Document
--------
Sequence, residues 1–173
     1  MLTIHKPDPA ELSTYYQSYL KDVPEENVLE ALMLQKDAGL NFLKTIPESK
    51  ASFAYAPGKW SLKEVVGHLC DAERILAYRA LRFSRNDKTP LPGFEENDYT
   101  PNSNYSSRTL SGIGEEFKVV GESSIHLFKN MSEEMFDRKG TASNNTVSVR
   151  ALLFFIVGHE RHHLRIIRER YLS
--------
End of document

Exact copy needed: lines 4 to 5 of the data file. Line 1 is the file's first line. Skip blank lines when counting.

   101  PNSNYSSRTL SGIGEEFKVV GESSIHLFKN MSEEMFDRKG TASNNTVSVR
   151  ALLFFIVGHE RHHLRIIRER YLS